Advertising is a fickle business at even the best of times. Long hours, low pay, huge stress and the odd co-worker who’d stab you in the back at the drop of a hat are just some of the daily occupational hazards. Believe me when I say it’s not all martinis at lunchtime on Madison Avenue – far from it. But occasionally, amidst the machinations of one of the most cutthroat professions in the world, there are brilliant days – the sort of days that remind you why you got into the industry in the first place.
For me, those days came when we made TV commercials with the NASCAR drivers you see each weekend. In the two years I worked on Sprint Nextel’s sports sponsorships at a Manhattan-based ad agency, I had both the privilege and the pleasure of shooting spots with a veritable Who’s Who of the sport’s biggest names: Mark Martin, Carl Edwards, Tony Stewart, Jeremy Mayfield, Kevin Harvick, Jamie McMurray, Kasey Kahne, Elliott Sadler and Jimmie Johnson.
My first shoot came over a drizzly, frigid couple of days at Lowe’s Motor Speedway. The spot was called “Flip,” and it featured both Martin and Edwards. Now, at this time I’d only been in the industry for about three months, so I didn’t know a lot about, well, anything; but what I did know was that I didn’t like Edwards. Maybe it was the big old white toothy smile (something us Brits mock but secretly envy) or maybe it was the “aw shucks” persona – but something Edwards did made me dislike him.
I’d go as far to say that at that early stage, he was my least favorite driver. Needless to say, I was going to be nothing but professional on the shoot; but I wasn’t expecting to like him.
How wrong could I have been?
During a pause for a torrential downpour, Edwards stood under the temporary tarpaulin shelter with us, and was as keen to talk about his time as a substitute teacher as he was his driving career. When he found out I was British, he told me excitedly about a recent trip of his to a couple of cities in my home country. Believe me when I tell you I was not expecting that. As evidenced by the heavens opening, commercial shoots and scripts have a habit of being fluid. Much can change – depending on the skill of the director and the moods and acting abilities of the protagonists – and in “Flip,” we had just such an example.
As we talked through the script – still in the rain delay – Carl suggested the final line of “Crazy old man.” I remember distinctly thinking, “Oh, there’s no way that’s going to work.” That, of course, was before I met the legend that was Martin; his reaction to Carl’s suggestion was to laugh and agree to the line on the spot. With one simple yes, “crazy old man” became part of the NASCAR vernacular from that point on.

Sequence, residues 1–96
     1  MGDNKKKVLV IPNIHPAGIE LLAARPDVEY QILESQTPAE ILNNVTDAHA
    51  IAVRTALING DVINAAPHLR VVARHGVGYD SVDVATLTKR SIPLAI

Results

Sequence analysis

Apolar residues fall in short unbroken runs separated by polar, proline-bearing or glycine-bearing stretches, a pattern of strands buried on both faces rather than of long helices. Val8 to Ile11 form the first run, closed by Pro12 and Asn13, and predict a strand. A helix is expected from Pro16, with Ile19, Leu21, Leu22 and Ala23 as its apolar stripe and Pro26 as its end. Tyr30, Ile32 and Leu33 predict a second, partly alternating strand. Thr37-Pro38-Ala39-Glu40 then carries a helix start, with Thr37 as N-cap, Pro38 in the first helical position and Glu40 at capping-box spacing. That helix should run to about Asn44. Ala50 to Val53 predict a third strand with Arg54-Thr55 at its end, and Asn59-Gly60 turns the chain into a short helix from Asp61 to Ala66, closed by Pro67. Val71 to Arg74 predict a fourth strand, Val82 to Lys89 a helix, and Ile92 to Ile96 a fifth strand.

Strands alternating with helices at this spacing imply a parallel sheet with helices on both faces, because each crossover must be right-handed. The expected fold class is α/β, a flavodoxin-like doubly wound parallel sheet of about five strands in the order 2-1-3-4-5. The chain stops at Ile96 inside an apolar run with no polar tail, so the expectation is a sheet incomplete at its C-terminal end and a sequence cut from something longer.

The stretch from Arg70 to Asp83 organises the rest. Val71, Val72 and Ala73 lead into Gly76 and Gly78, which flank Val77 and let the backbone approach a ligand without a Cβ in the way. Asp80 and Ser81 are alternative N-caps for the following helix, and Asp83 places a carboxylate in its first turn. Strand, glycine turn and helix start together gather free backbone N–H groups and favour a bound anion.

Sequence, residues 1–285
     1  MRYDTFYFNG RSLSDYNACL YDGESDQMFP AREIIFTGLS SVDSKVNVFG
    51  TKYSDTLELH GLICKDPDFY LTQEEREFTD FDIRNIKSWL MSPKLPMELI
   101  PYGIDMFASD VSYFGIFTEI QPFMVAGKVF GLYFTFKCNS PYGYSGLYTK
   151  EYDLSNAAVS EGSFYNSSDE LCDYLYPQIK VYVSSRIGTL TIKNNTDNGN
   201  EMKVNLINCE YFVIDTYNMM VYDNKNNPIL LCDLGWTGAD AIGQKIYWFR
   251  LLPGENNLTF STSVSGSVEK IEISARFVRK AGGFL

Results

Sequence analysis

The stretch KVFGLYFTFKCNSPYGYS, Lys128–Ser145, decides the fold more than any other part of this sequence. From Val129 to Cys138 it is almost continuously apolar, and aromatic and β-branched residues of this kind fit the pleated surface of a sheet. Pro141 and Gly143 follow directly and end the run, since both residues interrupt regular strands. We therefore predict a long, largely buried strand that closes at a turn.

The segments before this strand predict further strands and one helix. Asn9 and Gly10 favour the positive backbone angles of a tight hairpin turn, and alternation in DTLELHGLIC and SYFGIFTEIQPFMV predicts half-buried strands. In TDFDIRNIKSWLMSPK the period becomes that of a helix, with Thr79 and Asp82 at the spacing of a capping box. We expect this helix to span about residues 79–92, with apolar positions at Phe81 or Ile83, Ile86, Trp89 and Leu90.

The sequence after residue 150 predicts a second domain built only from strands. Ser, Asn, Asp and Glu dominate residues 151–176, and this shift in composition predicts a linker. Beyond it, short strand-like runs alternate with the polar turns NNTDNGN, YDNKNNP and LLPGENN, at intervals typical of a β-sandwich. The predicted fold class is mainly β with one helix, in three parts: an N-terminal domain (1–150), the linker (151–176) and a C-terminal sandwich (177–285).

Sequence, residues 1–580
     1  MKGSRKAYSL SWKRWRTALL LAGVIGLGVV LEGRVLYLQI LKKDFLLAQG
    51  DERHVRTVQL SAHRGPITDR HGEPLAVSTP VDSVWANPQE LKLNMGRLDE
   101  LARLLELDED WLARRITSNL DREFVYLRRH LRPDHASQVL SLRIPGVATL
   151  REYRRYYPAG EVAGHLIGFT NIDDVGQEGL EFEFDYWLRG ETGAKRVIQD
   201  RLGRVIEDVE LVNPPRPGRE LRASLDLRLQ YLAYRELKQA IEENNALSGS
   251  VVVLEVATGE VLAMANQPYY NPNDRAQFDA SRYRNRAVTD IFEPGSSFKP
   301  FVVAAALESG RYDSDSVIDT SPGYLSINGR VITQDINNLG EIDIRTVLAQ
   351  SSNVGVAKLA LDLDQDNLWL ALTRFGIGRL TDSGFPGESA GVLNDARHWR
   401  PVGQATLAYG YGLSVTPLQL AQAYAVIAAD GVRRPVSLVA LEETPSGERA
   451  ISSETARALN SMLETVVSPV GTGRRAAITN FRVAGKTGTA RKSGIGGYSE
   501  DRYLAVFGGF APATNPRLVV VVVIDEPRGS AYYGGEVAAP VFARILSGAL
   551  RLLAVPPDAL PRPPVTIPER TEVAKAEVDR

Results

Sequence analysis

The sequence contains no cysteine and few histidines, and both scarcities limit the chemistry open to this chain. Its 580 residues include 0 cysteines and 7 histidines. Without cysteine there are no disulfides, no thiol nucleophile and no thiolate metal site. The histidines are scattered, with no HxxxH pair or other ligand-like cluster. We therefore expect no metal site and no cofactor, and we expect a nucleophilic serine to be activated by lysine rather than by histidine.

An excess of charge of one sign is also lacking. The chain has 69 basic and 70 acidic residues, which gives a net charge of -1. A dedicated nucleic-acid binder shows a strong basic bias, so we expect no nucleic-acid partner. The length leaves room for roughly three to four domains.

The following week, we returned to LMS to shoot two more ads with Stewart and Mayfield. On the first day, we shot “Piñata,” which features Mayfield apologizing to Stewart for an on-track incident the previous week. Stewart is all nonchalant the whole time – as he uses his Sprint phone to check on how the Mayfield piñata he had asked for was coming along. Leading up to the shoot, there was much angst as to what Mayfield would think of the “Jeremy Mayfield piñata.”
So, we made a number of different piñata options – each with varying degrees of ridiculousness. But just like Martin, Mayfield was more than up for it, and he ended up picking the piñata we all hoped he would. Stewart was not slow to show his personality, either. In between a couple of takes, he sauntered past a group of us and said, “Not bad for an amateur, huh?” grinning broadly. After the taping, the Mayfield piñata went on to make a brief appearance on SPEED’s popular Trackside Live show, a sure sign the ad had permeated popular NASCAR culture. As a title sponsor, that’s exactly what you want your advertising to achieve.
The day after we shot “Hauler” which is, in my humble opinion, the best of all the ads I worked on. When we talked Mayfield through the concept, he liked the spot a lot – but he kept saying how sad it was we had to actually crush a car! Of course, the No. 20 we squashed wasn’t actually a Home Depot Chevrolet; instead, it was a shell of a (then) Busch Series vehicle, decaled up and pre-prepared to crumple with all the spare parts stripped out. We only had two cars for the shoot, so there really was absolutely no room for error; that sent the nerves up a few notches.